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SRQ DAILY Jun 10, 2016

Friday Weekend Edition

Friday Weekend Edition

"It's a visual for climate change. It's reef-wide and all throughout the Florida Keys for sure."

- Cory Walter, Mote Marine Laboratory and Aquarium
 

[Public Art]  Schabbach Wins Award, Plans Sarasota Project
Philip Lederer, Phil.Lederer@srqme.com

German artist R.O. Schabbach will take a break from setting up his permanent residence in Sarasota for a brief sojourn home to receive this year’s Euro Culture Award from his native German district of Bernkastel-Wittlich before returning to Sarasota to construct his latest outdoor art installation amongst the industrial environs on 12th Street. The award, presented every two years, recognizes outstanding artistic achievement and international acclaim.

“Now that I’m ready to leave Germany, all of the sudden I get the phone call,” said Schabbach laughing. A painter and installation artist known for bold use of color and projecting the images large-scale across the built environment for immersive installations, Schabbach's work has exhibited in celebrated venues across the world, including museums in Malta, Cairo, Paris and Odessa, Ukraine and in US institutions such as the Guggenheim Collection. Beginning with the late actor Anthony Quinn, Schabbach's work also began finding its way into the private collections of such celebrities as Republican presidential nominee Donald Trump, pop icon Madonna and broadcast journalist Walter Cronkite. The Euro Culture Award, however, will be the first recognition of this sort from the artist's hometown. “This, for me, counts double because it’s coming from the region where I lived,” said Schabbach, who continually watched the award pass by, despite the proliferation of his public art and exhibitions. “You start wondering if what you’re doing is recognized. I’m very happy for this. Very honored.”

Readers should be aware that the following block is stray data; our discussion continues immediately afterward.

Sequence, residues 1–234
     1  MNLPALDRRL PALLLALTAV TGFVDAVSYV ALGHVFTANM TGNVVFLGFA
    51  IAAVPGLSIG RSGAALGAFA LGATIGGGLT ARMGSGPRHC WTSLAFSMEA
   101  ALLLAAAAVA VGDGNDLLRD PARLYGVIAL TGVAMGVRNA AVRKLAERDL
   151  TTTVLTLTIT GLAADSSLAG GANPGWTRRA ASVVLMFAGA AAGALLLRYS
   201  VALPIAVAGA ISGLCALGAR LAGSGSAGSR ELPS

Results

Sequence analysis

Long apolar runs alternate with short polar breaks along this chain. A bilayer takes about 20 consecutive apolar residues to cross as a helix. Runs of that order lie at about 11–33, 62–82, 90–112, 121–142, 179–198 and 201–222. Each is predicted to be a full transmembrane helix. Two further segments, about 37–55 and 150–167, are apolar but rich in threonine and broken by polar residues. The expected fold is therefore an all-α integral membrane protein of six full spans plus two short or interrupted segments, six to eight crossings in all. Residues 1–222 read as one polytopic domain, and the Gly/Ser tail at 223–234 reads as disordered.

Schabbach flies to Germany to receive the award but is already eyeing his return to Sarasota and plans for his next installation. Sarasotans can currently view his smaller-scale work on display at Light Up Your Life on North Tamiami Trail but perhaps more vividly remember his most recent public exhibition, Love and Light for World Peace, on May 27, where Schabbach illuminated the Herald-Tribune building with multicolored projections on the ceilings and columns. With sharp lines demarcating geometric shapes into a busy but balanced composition and a color palette reminiscent of a circus aesthetic, the goal is always “to bring a little peace into this world,” he said. The lines tell the story, he added, “but the emotional part is the color.”

For his next project, Schabbach takes aim at an industrial lot on 12th Street between Gillespie Avenue and North Orange Avenue. The owners are game, he said, but possible complications could arise with use of the spacecomplications which could eventually involve the Department of Homeland Security. But the city has always been “very cooperative,” said an unconcerned Schabbach, waving away possible involvement of the federal government as though a gadfly. “We find ways. It’s no problem.” The planned unveiling for this latest project will be early to mid-July, according to the artist. 

Pictured: R.O. Schabbach amidst one of his light installations. Photo courtesy of the artist.

[Science]  Mote Preps Volunteers For BleachWatch
Philip Lederer, Phil.Lederer@srqme.com